It is part of the human experience, and intrinsic to a healthy life, that the inexorable passage of time takes one further away from the horrors of a traumatic experience. It is human nature to forget horrific details, and the greater the distance from a dreadful experience the more one’s memory of painful, raw wounds is blurred.
For those who escaped or who were born after the horrors of the Holocaust, it is hard to imagine how our parents and relatives were able to survive such an unimaginable experience. Yet amazingly, they were able to create new lives elsewhere.
Such is the truly remarkable story of Rabbi Israel Meir Lau, former chief rabbi of Israel. Put yourself in the shoes of a five-year-old boy whose sheltered life is suddenly transformed—thrust from a normal, warm family environment into chaotic, cold and inhuman conditions. How does a mere child not only survive these brutal rites of passage but go on to become the chief rabbi and a renowned leader of Israel?
We are fortunate to bring you these never-before-published memoirs of Rabbi Lau, as he clearly and emotionally recounts his miracle of survival. His thoroughly readable personal account of his experiences is a much-needed antidote to the passage of time that distances us from the memory of evil.
In this issue we also examine how more and more groups of women are getting together each morning to respond Amen to each other’s blessings. Known as Amen groups, these gatherings, which can be found in Jewish communities around the world, is rapidly generating a sea change among Orthodox women. Writer Gael Hammer gives us insight into this extraordinary phenomenon by visiting with a New York Amen group and speaking with the founders as well as the participants.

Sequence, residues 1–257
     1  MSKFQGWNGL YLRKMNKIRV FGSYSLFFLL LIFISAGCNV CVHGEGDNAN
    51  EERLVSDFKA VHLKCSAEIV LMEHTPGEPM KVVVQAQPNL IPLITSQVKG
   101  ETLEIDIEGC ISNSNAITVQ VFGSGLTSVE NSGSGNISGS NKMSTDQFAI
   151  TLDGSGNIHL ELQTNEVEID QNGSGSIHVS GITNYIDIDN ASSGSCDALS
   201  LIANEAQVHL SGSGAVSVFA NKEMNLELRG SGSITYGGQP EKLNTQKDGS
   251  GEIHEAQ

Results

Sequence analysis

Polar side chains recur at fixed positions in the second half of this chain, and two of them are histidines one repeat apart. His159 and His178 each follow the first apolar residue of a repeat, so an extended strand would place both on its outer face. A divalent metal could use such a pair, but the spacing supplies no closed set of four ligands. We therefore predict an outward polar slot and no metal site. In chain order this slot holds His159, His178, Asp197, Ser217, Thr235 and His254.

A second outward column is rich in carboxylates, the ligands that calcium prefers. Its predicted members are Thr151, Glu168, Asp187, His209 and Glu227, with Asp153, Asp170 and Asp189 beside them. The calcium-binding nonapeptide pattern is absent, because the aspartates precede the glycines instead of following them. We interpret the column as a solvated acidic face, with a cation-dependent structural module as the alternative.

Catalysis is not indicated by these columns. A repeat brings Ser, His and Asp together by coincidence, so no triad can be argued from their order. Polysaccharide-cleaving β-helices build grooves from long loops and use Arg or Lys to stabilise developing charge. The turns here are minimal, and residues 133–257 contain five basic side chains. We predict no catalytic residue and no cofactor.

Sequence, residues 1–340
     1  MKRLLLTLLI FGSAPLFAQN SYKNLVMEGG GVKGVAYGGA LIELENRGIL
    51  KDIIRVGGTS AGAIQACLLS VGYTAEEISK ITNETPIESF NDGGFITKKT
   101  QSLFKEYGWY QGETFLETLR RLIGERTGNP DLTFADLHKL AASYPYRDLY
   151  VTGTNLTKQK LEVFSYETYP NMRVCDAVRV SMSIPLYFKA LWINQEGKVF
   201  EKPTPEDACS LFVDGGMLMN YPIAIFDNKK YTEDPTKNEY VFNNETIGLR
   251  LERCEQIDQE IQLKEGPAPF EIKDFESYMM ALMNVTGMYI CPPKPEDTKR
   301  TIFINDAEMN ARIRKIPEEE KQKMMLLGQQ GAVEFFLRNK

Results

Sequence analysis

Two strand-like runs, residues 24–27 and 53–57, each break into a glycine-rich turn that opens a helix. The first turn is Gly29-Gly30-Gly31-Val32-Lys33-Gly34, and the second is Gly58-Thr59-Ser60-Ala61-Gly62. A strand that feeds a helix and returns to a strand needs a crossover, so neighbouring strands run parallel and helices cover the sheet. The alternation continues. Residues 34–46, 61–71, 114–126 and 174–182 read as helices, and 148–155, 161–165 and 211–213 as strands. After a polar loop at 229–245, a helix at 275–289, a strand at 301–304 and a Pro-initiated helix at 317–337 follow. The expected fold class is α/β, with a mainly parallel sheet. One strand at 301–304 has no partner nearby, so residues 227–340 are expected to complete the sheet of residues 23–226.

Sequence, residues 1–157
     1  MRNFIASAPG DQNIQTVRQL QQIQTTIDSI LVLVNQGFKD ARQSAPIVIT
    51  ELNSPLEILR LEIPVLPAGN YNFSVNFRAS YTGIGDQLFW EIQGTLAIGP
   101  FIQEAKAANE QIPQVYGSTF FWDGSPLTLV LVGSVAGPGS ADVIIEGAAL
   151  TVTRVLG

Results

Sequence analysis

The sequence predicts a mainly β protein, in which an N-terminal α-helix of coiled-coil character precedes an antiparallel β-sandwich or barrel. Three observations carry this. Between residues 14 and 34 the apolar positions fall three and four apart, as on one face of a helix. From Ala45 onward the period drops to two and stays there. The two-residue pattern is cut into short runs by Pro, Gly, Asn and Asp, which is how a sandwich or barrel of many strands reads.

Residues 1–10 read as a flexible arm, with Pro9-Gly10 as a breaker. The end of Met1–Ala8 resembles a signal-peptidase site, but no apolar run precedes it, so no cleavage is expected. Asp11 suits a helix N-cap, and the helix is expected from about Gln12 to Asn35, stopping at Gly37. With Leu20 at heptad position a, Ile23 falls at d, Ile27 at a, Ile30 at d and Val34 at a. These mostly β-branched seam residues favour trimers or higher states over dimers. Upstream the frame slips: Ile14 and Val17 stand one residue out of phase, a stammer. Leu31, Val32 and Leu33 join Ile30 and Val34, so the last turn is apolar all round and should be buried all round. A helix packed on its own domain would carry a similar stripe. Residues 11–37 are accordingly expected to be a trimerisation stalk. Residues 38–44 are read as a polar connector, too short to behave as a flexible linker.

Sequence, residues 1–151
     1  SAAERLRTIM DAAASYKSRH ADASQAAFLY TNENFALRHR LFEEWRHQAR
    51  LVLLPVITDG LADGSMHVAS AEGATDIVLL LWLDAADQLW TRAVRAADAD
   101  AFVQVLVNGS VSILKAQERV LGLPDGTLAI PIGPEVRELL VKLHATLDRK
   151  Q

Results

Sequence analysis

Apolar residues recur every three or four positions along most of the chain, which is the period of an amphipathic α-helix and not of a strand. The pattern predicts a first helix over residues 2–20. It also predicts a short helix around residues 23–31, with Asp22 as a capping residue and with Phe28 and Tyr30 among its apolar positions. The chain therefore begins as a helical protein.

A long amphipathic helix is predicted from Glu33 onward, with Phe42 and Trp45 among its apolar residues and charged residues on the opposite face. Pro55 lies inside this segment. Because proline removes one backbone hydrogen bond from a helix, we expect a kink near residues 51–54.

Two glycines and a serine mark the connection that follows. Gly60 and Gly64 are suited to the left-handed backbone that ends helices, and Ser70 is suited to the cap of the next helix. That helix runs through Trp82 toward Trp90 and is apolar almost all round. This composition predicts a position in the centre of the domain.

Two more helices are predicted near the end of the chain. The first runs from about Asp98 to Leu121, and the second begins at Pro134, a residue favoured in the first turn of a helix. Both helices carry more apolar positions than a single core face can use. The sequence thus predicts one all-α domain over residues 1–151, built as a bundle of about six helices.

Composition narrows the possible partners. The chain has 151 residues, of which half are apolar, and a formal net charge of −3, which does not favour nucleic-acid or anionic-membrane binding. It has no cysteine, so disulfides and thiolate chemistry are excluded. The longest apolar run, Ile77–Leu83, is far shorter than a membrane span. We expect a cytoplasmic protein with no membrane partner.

This issue also includes the gripping story of three determined (and physically fit!) Orthodox Jews who decide to climb Mount Kilimanjaro, the highest free-standing mountain in the world. As their story unfolds, we learn much about mountain climbing in Tanzania and even more about how to keep halachah in the most hostile environment.
Finally, just in time for your summer vacations, OU Rabbinic Coordinator Rabbi Donneal Epstein challenges Jewish Action readers with a kosher travel quiz, offering provocative questions on a variety of travel topics, from davening Shacharit on an airplane to crossing the International Date Line.
As always, we hope you will enjoy the array of articles in this issue and look forward to receiving your feedback.